Since then, his music has been a mix of solo-acoustic, folk-rock, straight pop, and the lilting Jamaican-pop style that was a signature of some of those Men At Work hits. He and former bandmate Greg Ham also toured with backing musicians as Men at Work, from 1996 to 2002, but playing to much smaller crowds than in the early ‘80s. However, they did perform for an estimated 2 billion TV viewers when they performed during the closing ceremony of the 2000 Summer Olympics in Sydney.
Hay also toured with the Ringo Starr All Starr Band in ’03 and ’08.
His solo career has gotten some traction in recent years when some of his tunes, like “Waiting for My Real Life to Begin” and “I Just Don’t Think I’ll Ever Get Over You” were featured on such TV shows as “Dawson’s Creek” and “Scrubs.” The latter song was also included in the soundtrack of the Zach Braff film “Garden State.”
Although Hay sometimes tours with a band, in the last several years, his solo shows have, more and more, become solo affairs.
“I still like rock ‘n’ roll — I still love loud music,” says Hay by phone from his tour van, as it rolls into New York City. “But the solo format does seem to have taken precedence. People seem to want that more, and the clubs tell me that’s the kind of show they’re more interested in. And of course, it’s harder to tour with a full band, because of the expense.”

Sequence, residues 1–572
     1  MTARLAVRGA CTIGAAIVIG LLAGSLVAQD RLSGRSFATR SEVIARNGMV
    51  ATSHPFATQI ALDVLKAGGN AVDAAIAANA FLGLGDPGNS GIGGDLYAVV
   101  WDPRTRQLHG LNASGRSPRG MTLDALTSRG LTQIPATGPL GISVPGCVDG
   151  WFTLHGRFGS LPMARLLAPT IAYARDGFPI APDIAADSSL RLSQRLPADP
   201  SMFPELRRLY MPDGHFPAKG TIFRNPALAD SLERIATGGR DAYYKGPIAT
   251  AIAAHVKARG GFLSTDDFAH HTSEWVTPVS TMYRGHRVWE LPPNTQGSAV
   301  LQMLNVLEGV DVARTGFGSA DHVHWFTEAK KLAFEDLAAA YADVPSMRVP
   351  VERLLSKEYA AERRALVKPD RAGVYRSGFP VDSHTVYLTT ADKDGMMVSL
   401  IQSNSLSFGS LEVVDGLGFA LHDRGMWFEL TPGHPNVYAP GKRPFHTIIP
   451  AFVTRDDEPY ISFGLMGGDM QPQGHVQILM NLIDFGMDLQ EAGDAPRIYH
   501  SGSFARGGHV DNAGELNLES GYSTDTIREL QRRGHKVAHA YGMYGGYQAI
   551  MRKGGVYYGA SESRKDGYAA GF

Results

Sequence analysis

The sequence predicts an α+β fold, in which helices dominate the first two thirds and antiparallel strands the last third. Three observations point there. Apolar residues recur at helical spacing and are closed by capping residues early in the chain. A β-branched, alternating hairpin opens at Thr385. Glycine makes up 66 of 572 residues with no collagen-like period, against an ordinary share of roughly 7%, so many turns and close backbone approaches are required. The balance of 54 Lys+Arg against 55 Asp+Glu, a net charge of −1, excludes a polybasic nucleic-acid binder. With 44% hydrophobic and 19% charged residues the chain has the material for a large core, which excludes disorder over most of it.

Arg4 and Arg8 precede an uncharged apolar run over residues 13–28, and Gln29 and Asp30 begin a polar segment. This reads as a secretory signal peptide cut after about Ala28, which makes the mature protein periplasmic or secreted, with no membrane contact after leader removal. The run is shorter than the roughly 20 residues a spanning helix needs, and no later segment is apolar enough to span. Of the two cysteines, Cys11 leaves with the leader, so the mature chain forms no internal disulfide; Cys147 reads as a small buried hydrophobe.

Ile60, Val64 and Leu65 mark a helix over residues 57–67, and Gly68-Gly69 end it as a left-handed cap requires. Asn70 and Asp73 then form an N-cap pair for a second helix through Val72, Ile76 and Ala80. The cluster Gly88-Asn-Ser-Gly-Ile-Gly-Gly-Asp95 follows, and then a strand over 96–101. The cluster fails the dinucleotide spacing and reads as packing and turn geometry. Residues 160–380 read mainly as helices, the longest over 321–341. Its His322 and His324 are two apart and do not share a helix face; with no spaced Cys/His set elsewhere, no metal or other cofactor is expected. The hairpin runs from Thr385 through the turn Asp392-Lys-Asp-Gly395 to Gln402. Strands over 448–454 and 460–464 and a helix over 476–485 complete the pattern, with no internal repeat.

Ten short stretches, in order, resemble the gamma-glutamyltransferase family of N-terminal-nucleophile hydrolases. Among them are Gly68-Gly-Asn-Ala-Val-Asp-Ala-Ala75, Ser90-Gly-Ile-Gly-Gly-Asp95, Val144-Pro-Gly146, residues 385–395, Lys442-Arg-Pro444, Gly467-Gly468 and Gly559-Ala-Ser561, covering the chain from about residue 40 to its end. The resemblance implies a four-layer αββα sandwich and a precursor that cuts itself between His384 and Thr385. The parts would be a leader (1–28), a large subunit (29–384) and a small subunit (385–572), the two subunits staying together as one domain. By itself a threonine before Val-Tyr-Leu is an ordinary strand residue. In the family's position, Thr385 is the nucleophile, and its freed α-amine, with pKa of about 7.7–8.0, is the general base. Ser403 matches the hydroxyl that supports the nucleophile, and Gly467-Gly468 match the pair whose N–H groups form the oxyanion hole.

On “Gathering Mercury,” Hay displays his range of influences. “Dear Father,” written after Hay’s father died last year, is fittingly poignant and understated, with Hay’s 12-string guitar and pensive vocals at the center — with wistful, muted violins and cellos perfectly suited to the melancholy of the lyrics.
“Half a Million Angels” has a Latin-inflected groove, propelled by equatorial percussion and piano, and “Where The Sky is Blue” has the sort of nudge-and-a-wink music-hall buoyancy we used to hear from Paul McCartney on occasion. “Far From Home,” meanwhile, rides atop a lilting Jamaican beat that evokes some of those reggae-fied Men At Work songs.
In all, the album is a fine collection of tasteful, subtly-produced, melodic roots-pop. And, many of these songs would hook a lot of earlobes on the radio, just like a lot of songs by Richard Thompson, John Hiatt, John Prine and Emmylou Harris would — if commercial radio was not so rigid, formulaic, and so slavishly devoted to synthetic, mechanized dance-pop and hip-hop.
Hay is also known among his fans as a hilarious onstage story-teller, as he relates tales from the road, playing with Ringo, and making the transition from platinum-selling superstar to starting over in the clubs.
“That’s what started it — me, playing for 20 people, after having played for audiences of 100,000, so I thought people deserved an explanation about how that all happened,” says Hay.
“I just began telling stories about what had happened with me, and then, what happened that day, and people found it funny, so I expanded on that. So, my show has developed into this piece, that is mostly music, but also includes stories about life’s peaks and valleys — the kinds of things that connect us all, the kinds of things almost everyone can relate to.”